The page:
The vast company of missionaries past and present, though they struggle and stumble with their ignorance and arrogance, have sought to “become all things to all people” for the sake of Christ and out of love for their people (1 Corinthians 9:22–23). These missionaries’ greatest legacy is as Light-bearers, giving and preaching and teaching God’s word. They would gladly say with John Piper, “Because of Jesus, I care about all suffering, especially eternal suffering.”
And so William Carey, Adoniram Judson, David Livingstone, Hudson Taylor, John Paton, Amy Carmichael, Mary Slessor, Samuel and Amy Zwemer, and thousands of unknown others built hospitals, devised written languages, established schools, fought human trafficking, protected the most marginalized, and made economic opportunity possible. And these pioneers of the kingdom often marked the trails they blazed for Christ with their own graves.
It is not surprising that people who have rejected Christ would reject his messengers and dishonor them, but it is surprising when Christians who don’t know or value their family’s story join in.
In these quick, crowded years of our vapor-life, we dare not glory in ourselves, our skin color, our group, or our political party. Rather, we glory in the cross-centered message of the gospel, through which Jesus takes hopeless, lost sinners bound in all the superlatives of despair — blind, thirsty, deaf, and dying — and extends to them a stunning offer of life, freedom, peace, and a place at the King’s table forever.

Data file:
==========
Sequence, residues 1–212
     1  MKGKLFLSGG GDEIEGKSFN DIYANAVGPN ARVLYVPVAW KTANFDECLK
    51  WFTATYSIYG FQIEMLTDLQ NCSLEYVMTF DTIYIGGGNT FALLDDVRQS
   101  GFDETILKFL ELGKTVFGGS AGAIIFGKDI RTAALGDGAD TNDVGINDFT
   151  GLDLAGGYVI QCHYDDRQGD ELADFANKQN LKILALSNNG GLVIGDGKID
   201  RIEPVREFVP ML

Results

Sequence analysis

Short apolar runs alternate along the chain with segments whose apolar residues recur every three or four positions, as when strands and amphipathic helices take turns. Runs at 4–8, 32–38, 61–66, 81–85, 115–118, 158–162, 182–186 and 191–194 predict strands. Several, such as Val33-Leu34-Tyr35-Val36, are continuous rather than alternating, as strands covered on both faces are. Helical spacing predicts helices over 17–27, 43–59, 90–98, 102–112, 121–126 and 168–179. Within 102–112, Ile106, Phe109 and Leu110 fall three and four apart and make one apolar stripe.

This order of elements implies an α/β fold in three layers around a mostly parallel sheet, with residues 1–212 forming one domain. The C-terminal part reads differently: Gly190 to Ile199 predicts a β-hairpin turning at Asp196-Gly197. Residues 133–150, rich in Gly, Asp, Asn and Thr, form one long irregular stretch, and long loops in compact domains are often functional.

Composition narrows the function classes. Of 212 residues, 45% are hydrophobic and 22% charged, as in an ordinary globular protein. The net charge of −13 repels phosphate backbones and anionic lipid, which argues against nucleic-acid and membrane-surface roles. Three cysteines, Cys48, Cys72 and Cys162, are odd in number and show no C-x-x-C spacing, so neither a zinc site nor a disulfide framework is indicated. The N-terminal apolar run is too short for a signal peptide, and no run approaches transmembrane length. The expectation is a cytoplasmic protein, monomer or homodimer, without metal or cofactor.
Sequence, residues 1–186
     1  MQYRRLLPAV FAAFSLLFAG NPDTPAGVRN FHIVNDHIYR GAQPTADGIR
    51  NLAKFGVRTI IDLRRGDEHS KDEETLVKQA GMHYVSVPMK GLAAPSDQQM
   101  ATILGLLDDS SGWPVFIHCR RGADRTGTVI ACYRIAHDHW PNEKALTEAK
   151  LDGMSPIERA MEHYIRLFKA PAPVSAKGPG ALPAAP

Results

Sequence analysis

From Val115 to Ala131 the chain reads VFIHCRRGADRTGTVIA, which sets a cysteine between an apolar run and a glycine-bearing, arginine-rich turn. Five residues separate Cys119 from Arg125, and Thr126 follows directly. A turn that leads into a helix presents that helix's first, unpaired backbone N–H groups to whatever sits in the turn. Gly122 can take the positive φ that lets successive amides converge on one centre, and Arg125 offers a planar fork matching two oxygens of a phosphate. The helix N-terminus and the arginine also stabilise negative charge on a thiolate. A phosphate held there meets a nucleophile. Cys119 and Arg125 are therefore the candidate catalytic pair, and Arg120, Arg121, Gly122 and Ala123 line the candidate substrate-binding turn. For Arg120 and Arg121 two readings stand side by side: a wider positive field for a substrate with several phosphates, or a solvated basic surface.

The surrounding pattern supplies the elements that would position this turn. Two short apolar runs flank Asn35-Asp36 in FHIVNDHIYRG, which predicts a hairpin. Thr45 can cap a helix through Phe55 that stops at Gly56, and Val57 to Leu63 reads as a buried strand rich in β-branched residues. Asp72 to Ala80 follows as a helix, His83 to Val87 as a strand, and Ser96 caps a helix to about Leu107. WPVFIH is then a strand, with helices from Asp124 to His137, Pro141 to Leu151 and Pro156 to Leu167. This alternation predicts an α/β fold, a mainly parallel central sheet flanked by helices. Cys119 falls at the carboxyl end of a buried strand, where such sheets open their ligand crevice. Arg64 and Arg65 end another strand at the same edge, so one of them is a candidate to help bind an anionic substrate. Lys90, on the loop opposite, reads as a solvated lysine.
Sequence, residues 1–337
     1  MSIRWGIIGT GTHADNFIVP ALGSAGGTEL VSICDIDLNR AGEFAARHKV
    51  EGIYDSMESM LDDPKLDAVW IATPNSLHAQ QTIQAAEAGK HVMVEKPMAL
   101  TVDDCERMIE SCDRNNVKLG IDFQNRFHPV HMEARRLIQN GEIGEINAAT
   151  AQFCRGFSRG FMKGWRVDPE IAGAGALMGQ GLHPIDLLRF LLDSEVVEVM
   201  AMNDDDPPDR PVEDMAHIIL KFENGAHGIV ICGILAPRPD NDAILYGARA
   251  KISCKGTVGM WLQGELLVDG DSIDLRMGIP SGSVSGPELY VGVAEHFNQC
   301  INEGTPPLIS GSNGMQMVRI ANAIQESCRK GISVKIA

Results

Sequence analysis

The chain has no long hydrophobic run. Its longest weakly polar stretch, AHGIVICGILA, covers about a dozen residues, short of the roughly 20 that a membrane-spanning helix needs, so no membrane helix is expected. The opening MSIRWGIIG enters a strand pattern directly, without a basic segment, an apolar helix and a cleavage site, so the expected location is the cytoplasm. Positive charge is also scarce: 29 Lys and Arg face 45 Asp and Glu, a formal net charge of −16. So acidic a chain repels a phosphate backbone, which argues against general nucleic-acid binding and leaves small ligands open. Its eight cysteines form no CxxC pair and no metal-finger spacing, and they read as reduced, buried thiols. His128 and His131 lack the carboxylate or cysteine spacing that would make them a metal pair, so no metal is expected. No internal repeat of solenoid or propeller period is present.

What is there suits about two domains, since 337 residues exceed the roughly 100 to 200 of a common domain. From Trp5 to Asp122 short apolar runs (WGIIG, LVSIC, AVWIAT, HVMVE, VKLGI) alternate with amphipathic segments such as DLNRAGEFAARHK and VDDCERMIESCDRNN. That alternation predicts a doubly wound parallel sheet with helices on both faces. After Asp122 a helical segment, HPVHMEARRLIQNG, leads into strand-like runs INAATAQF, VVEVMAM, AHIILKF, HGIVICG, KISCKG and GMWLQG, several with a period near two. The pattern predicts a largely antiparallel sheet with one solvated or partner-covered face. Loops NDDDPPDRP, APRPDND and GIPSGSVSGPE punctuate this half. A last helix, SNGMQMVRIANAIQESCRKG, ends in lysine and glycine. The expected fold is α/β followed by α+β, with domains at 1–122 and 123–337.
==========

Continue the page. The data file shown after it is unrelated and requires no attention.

To all who did receive him, who believed in his name, he gave the right to become children of God, who were born, not of blood nor of the will of the flesh nor of the will of man, but of God. (John 1:12–13)
This gospel saves and binds together all sorts of unlikely people with the cords of unbroken and unbreakable grace. In Christ Jesus, “there is neither Jew nor Greek, there is neither slave nor free, there is no male and female, for you are all one in Christ Jesus” (Galatians 3:28). Neither Croat nor Bosnian, neither Serb nor American, neither Black nor White nor Hispanic, neither Republican nor Democrat.
When I think of that world, the world our risen, returning King is preparing — one filled with his people redeemed from every race and every place — I hear echoes of Louis Armstrong singing in that winter war zone long ago: “Yes, I think to myself, what a wonderful world.
”Tim Keesee is the founder and executive director of Frontline Missions International. He has traveled to more than ninety countries, reporting on the church. He is the executive producer of Dispatches from the Front and author of A Company of Heroes.